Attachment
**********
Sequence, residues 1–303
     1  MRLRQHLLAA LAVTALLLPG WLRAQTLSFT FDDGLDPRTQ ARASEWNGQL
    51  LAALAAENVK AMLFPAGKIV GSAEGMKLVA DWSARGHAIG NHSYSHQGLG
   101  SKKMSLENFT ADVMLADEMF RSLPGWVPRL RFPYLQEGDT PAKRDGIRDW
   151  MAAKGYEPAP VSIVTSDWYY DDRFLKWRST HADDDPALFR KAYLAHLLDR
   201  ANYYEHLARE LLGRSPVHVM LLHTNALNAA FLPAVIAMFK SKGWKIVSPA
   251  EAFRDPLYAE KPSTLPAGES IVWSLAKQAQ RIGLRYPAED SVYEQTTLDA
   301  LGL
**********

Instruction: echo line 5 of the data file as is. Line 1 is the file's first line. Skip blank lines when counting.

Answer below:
   151  MAAKGYEPAP VSIVTSDWYY DDRFLKWRST HADDDPALFR KAYLAHLLDR